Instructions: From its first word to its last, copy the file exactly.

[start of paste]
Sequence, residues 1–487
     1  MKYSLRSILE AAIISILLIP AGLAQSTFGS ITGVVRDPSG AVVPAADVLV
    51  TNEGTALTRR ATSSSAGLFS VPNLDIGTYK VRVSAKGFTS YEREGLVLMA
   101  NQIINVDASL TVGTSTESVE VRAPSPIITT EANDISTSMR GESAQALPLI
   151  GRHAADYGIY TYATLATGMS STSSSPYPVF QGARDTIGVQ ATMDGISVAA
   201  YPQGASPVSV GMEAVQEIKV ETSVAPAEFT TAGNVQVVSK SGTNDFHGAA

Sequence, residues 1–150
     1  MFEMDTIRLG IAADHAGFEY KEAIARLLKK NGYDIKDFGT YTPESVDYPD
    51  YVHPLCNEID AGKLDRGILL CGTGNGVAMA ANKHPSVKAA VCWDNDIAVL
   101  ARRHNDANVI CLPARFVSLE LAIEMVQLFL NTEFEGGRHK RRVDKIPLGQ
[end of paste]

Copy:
Sequence, residues 1–487
     1  MKYSLRSILE AAIISILLIP AGLAQSTFGS ITGVVRDPSG AVVPAADVLV
    51  TNEGTALTRR ATSSSAGLFS VPNLDIGTYK VRVSAKGFTS YEREGLVLMA
   101  NQIINVDASL TVGTSTESVE VRAPSPIITT EANDISTSMR GESAQALPLI
   151  GRHAADYGIY TYATLATGMS STSSSPYPVF QGARDTIGVQ ATMDGISVAA
   201  YPQGASPVSV GMEAVQEIKV ETSVAPAEFT TAGNVQVVSK SGTNDFHGAA

Sequence, residues 1–150
     1  MFEMDTIRLG IAADHAGFEY KEAIARLLKK NGYDIKDFGT YTPESVDYPD
    51  YVHPLCNEID AGKLDRGILL CGTGNGVAMA ANKHPSVKAA VCWDNDIAVL
   101  ARRHNDANVI CLPARFVSLE LAIEMVQLFL NTEFEGGRHK RRVDKIPLGQ